DARLINGTON Station on the last day of the season and the icy hand of fears grips the heart of even battle-hardened awayday travellers. We were going to West Ham, which is a doddle. The train to Kings Cross whizzes there in less than three hours: plenty of time to write up the match report and interviews – or time to shift a six pack in the old money.
But ten minutes before the Darlo-KX, the ghost of Christmas Future had chugged away ominously from the same platform. The cross country “express” to Plymouth eased away from platform four leaving white faces behind. The announcer had just read out a schedule from hell … “the train now leaving the Premiership glory years behind is the new reality shuttle service to Plymouth calling at York, Leeds, Sheffield, Chesterfield, Derby, Burton-on-Trent, Birmingham New Street, Cheltenham Spa, Bristol Parkway, Bristol Temple Meads, Taunton, Tiverton, Exeter St Davids, Newton Abbot and Totnes.”
Six long hours and 38 bloody minutes. Great. And there’s Bristol, Cardiff and Swansea to look out for when the fixtures come out tomorrow too. Welcome to the two thousand plus extra miles, numb-bummed cabin fever grind of the 46 game Championship.
So Plymouth away is one to look out for. I understand Boro have asked for that game to be played on a Saturday to ease the suffering of the bedraggled fans risking DVT in cattle class or no doubt the legendary fixture computer would send us there on a Tuesday in January, which is a real old school rites of passage of a game (Uncle Eric has travelled down for a match that was postponed a hour before kick off.).
On the subject of the fixtures, there is an excellent and enlightening feature on the BBC website which has shed some light on what has long been regard as a semi-mystical process.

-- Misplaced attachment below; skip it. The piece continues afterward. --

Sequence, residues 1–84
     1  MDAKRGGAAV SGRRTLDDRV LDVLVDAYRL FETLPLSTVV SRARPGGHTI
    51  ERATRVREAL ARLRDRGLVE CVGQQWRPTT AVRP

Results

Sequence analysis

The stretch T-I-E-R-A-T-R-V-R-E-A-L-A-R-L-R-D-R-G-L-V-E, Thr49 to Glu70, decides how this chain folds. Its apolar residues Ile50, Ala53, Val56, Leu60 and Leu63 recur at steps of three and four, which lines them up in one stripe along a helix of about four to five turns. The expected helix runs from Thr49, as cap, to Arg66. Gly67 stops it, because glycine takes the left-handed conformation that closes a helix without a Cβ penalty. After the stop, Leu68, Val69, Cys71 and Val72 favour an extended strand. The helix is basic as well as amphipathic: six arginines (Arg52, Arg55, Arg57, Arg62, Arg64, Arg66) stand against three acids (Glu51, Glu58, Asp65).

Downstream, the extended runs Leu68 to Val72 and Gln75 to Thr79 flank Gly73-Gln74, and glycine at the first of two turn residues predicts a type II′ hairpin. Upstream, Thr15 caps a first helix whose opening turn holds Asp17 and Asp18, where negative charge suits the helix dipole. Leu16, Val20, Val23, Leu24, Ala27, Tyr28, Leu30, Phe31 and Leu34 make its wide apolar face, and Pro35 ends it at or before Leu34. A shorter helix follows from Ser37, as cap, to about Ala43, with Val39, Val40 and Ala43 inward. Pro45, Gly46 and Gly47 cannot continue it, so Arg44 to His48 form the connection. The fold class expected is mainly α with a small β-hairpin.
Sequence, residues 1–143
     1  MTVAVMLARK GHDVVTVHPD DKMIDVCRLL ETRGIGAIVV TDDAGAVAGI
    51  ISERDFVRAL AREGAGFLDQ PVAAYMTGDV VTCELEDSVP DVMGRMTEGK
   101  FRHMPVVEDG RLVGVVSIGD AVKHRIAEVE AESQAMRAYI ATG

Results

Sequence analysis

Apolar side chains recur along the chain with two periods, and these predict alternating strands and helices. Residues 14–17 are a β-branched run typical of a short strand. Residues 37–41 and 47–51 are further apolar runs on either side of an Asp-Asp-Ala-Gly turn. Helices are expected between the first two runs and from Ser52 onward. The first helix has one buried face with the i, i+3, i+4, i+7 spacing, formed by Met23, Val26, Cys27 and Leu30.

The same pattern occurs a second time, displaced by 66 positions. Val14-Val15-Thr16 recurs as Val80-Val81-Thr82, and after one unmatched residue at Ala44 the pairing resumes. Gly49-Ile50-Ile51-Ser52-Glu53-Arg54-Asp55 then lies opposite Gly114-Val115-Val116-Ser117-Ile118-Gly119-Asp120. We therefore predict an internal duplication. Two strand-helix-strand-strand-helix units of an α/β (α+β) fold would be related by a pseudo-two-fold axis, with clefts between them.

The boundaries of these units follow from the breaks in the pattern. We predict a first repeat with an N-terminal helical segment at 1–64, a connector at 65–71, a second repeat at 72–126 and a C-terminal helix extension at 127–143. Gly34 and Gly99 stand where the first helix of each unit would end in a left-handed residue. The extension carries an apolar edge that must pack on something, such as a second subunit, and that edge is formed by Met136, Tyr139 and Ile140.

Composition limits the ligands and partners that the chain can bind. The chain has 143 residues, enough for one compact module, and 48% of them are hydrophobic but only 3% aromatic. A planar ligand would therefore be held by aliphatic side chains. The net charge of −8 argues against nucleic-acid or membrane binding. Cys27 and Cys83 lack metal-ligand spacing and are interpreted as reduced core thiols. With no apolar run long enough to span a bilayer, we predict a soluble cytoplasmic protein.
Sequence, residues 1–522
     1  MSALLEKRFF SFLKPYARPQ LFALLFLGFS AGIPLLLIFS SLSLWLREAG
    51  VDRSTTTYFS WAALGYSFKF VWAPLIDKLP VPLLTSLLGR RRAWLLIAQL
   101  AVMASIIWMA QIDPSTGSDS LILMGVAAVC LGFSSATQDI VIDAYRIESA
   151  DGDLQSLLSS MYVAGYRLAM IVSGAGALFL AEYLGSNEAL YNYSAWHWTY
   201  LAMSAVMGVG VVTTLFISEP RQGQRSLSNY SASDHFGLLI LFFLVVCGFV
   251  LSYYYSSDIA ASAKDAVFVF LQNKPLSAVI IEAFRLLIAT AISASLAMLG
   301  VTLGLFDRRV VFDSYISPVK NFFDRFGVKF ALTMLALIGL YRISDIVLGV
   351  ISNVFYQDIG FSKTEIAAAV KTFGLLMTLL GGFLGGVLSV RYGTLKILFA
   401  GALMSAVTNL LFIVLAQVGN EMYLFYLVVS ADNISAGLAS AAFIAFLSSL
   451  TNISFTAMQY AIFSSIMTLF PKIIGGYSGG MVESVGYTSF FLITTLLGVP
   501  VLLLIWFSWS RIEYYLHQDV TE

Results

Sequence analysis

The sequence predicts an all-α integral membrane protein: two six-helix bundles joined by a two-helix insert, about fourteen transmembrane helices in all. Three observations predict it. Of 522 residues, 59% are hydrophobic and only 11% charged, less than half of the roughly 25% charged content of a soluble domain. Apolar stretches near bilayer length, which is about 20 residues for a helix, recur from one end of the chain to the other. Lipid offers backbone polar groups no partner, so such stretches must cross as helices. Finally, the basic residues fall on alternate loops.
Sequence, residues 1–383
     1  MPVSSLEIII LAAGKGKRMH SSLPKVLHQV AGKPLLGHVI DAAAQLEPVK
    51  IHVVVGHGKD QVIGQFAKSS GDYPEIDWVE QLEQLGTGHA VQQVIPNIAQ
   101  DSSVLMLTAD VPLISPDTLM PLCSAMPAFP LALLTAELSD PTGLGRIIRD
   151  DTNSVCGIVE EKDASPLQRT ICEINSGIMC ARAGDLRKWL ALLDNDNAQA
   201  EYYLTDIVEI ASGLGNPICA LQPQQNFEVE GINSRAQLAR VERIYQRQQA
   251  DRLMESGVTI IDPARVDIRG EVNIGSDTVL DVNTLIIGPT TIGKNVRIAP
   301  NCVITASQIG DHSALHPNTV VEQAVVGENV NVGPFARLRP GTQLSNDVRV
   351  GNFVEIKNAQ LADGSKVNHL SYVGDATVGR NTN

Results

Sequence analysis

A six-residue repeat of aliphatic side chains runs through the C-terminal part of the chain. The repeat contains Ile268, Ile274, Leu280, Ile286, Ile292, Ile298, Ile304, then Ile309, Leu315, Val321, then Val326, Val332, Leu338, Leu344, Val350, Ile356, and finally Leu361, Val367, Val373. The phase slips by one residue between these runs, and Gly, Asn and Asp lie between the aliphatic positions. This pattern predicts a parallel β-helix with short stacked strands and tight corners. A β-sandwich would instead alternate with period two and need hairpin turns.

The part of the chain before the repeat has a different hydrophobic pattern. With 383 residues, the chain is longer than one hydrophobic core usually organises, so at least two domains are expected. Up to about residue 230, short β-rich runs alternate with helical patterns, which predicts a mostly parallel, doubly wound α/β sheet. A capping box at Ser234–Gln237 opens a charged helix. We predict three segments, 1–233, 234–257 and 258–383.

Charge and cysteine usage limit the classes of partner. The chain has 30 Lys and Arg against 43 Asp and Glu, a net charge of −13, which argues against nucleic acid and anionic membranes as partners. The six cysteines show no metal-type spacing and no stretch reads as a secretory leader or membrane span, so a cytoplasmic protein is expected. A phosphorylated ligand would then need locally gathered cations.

There are a lot of factors to balance: the needs of clubs in the same city not to have home games that clash (especially that of smaller neighbours); demands of the police that teams with bitter rivalries should not travel along the same routes to away games if possible; the need for regular home games to ensure cash flow is preserved; the need to ensure games either side of FA Cup dates are not both away to prevent the possibility of three successive trips that would impact on not only fans’ pockets but also the teams’ chances to train and prepare for games; and security concerns… the likes of Leeds are not generally scheduled for an away game at a seaside resort on Bank Holiday weekend for instance. They’ve only just finished rebuilding Bournemouth.
Each club get “three wishes” when it comes to the fixtures, requests they can make to the compiler to factor in when he sets to work. Some clubs may wish to avoid a local music festival for instance because of the impact on attendance or transport systems.
In recent years on of Boro’s requests has been not to be drawn at home to Manchester United on Boxing Day. United are pretty much a guaranteed sell out whatever day they play on while the holiday game is traditionally also a bumper gate so to have the Home Counties finest on that day is a wasted opportunity. No such problems this year, although presumably we will now be looking to avoid Newcastle over Christmas. The Plymouth one has already been mentioned. What could the third be? That the Football League ensure sunshine when we go to Blackpool?